Visit These Captivating Palestinian Museums In Person Or Digitally

From Connecticut to the West Bank, Palestinians are everywhere and their culture has an immense and important impact on the world to this day. For those who are looking for a place to start educating themselves on Palestine, I think these three museums are the best places to start.

A visit to these museums in person or digitally is an ideal and engaging way to learn more about Palestinian people and history, with a focal point on the diaspora. Below, are a few Palestinian museums situated around the globe that you can visit virtually or in person in order to expand your global perspective.

Museum of the Palestinian People, Washington D.C.

1900 18th St NW, Washington, DC 20009

Museum of the Palestinian People Photo by: Mark Maguire DCist
Museum of the Palestinian People. Photo: Mark Maguire DCist

This young museum was opened in 2017 and is the first museum in Washington D.C., the nation’s museum hub, to center and celebrate Palestinian culture, history, and art. Its vision aims to display Palestinian stories from around the globe that showcase resilience, renewal and also to bring about a sense of home. If you aren’t in the D.C. area you can also visit this museum digitally. The museum’s digital collection and tour is fantastic and extensive. Currently, the featured digital exhibit is INTERSECTIONS: Palestinian and African American Art for Social Justice, which spotlights masterpieces that portray intersectionality and solidarity in the fight for justice. There are two other exhibits available for viewing online; its permanent collection and an exhibit called MAPS: Where are Palestinians Today shows an interactive map of where Palestinians are situated around the world which gives the viewer a better understanding of how far the Palestinian diaspora reaches.

 Museum of the Palestinian People
FACEBOOK Museum of the Palestinian People

If you are in the Washington D.C. area, you can visit the museum in person on Saturdays. Before your visit, however, you will need to book a tour in advance. Admission costs USD $5 per person.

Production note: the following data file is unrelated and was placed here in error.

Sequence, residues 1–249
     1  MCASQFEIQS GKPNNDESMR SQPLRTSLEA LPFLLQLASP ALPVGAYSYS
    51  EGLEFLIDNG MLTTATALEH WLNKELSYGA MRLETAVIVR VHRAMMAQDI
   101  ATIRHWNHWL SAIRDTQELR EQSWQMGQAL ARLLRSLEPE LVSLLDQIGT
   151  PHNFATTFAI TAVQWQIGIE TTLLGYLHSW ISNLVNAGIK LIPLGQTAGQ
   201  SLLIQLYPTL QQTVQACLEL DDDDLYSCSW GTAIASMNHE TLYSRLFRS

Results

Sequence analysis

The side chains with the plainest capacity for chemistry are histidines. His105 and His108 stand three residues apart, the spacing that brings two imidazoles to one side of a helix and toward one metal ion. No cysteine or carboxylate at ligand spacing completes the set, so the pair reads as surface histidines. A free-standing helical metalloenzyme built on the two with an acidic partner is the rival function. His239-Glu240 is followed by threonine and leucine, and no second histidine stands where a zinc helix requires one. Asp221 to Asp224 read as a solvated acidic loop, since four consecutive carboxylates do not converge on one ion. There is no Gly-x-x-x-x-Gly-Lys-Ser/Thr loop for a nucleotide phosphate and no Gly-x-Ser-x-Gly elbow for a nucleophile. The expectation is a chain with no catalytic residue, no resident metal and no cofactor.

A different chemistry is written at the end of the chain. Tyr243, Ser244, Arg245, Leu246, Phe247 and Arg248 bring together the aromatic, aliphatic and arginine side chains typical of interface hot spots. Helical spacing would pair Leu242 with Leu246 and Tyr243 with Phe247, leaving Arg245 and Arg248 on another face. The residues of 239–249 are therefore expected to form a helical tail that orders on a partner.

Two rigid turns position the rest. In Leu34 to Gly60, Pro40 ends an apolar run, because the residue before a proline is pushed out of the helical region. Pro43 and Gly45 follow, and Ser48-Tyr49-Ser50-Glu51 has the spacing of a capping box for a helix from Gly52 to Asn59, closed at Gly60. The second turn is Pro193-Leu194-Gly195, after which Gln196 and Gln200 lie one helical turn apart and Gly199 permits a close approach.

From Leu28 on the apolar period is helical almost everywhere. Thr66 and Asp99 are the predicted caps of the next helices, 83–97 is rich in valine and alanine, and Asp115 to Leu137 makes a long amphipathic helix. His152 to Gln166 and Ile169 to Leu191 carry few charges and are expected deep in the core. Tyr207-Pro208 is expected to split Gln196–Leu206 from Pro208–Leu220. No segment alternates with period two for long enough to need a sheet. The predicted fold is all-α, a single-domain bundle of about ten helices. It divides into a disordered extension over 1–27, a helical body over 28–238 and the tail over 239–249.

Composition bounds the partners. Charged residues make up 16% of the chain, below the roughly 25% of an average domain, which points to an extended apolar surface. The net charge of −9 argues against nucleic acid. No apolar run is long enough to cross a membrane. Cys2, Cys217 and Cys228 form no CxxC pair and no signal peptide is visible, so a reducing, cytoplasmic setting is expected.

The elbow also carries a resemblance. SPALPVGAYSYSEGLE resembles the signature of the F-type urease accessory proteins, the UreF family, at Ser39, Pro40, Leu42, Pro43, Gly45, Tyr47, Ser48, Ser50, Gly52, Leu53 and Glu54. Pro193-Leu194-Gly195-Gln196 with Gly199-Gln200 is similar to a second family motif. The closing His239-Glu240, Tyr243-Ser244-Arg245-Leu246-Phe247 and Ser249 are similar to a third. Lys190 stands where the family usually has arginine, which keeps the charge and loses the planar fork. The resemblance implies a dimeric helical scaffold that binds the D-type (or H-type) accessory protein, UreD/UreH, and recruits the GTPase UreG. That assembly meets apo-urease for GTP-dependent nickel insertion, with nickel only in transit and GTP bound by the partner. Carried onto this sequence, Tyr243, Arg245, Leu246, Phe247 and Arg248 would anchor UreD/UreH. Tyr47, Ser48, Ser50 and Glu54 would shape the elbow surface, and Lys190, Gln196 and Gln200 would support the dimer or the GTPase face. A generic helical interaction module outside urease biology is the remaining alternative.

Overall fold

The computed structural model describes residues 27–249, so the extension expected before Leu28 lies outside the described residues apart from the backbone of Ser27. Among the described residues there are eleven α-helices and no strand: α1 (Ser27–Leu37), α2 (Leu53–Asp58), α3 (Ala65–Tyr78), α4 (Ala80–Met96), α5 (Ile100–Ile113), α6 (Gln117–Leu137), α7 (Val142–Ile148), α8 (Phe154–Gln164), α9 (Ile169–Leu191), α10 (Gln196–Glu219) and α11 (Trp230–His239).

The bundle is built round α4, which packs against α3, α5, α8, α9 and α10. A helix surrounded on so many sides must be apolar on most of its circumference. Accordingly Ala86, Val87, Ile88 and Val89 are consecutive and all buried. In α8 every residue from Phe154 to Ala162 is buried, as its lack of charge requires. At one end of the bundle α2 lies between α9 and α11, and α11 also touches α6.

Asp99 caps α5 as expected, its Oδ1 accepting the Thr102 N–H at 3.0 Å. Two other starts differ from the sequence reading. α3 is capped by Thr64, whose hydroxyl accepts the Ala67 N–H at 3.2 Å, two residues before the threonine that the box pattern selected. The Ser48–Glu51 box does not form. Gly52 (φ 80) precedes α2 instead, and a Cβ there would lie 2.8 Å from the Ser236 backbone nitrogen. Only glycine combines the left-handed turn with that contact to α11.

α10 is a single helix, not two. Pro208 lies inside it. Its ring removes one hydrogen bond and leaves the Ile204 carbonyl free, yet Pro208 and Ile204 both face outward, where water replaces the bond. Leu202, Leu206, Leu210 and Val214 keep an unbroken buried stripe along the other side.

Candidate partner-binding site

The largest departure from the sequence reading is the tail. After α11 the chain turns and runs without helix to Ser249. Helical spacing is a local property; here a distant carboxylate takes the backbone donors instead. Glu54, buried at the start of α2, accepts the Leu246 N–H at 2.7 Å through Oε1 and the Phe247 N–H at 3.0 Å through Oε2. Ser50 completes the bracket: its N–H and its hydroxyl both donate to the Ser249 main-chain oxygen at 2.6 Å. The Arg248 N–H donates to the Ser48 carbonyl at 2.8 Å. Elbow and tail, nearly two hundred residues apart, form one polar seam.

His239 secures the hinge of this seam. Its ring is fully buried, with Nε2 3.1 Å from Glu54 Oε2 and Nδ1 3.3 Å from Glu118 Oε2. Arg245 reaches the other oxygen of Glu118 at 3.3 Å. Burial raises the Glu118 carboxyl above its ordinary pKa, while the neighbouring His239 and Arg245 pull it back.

The Palestinian Museum: Birzeit

Museum Street, Birzeit

 

If you are in West Bank, this is THE main museum to visit in order to learn even more about Palestinian history and culture. The museum was opened in 1997 and is dedicated to the memory of the Nakba, also known as the 1948 Palestinian exodus, where nearly 60% of Palestinians were exiled from their homeland. The Palestinian Museum is situated in the heart of West Bank and serves as a major global platform for Palestinian voices. Its mission aims to make a space that documents its people’s diverse and inspiring stories.

For those who can’t travel at the moment, don’t fret! This museum is hosting online educational events every month that are available in both Arabic and English. You can check out its calendar here and visit exhibitions virtually here. The most recent virtual exhibit titled “Glimmer of a Grove Above” displays political posters that represent the Palestinian geography and land. Another virtual exhibit on display titled “Jerusalem Lives” teaches visitors about the city and the collective resistance that shapes it.

Palestine Museum: Woodbridge, Connecticut

1764 Litchfield Turnpike, Woodbridge, CT 06525

Palestine Museum US
1949. Young Palestinian girls who lost or got separated from their parents as they were driven out of Palestine, at an orphanage in Beirut, Lebanon. If any of your maternal ancestors grew up in an orphanage in Lebanon, take a close look as one of these angels might have been your grandmother. A picture is worth a thousand words. Photo courtesy of the United Nations. FACEBOOK Palestine Museum US

The Palestine Museum is perceivably in the middle of nowhere, but definitely still worth a visit. Overall, it has a focus on art and displays Palestinian artists from across the globe in order to preserve and celebrate Palestinian history and culture. Recently, it hosted an exhibit featuring Palestinian female artists. On the museum’s website, you can read some of the artists’s profiles, glance at their art and even watch a few interviews. Some artists’ discussions are recorded and posted live on the website as well, so be sure to glance at the events page to register fors occasional virtual artist talk and/or movie screenings.

For those who can’t make the road trip to Connecticut, you can still visit some of its collections virtually. Its website has a virtual viewing room which gives a quick glance into the exhibits and artists. I would, however, still recommend visiting the museum in person, if possible, so that you can fully experience the depth and beauty of Palestinian art. Before your in-person visit, you must first book an appointment. The admission is USD $8 for adults and free for children under 12.

Vivian Bauer

Editor

Vivian is passionate about everything related to music, art, and language. When traveling, she loves to walk for miles, try all kinds of food, and visit every museum. She has lived in Singapore, Belgium, and Brazil while hoping to one day travel to Mongolia and East Timor.

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